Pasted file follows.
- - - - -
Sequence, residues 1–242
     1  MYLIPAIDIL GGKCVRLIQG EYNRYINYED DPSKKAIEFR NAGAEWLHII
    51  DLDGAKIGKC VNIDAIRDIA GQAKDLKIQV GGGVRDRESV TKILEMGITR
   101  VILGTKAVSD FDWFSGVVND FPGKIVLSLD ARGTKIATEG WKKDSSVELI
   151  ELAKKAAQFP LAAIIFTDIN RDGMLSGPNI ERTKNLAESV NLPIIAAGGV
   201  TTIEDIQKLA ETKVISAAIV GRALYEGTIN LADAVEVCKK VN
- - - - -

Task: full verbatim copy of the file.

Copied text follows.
Sequence, residues 1–242
     1  MYLIPAIDIL GGKCVRLIQG EYNRYINYED DPSKKAIEFR NAGAEWLHII
    51  DLDGAKIGKC VNIDAIRDIA GQAKDLKIQV GGGVRDRESV TKILEMGITR
   101  VILGTKAVSD FDWFSGVVND FPGKIVLSLD ARGTKIATEG WKKDSSVELI
   151  ELAKKAAQFP LAAIIFTDIN RDGMLSGPNI ERTKNLAESV NLPIIAAGGV
   201  TTIEDIQKLA ETKVISAAIV GRALYEGTIN LADAVEVCKK VN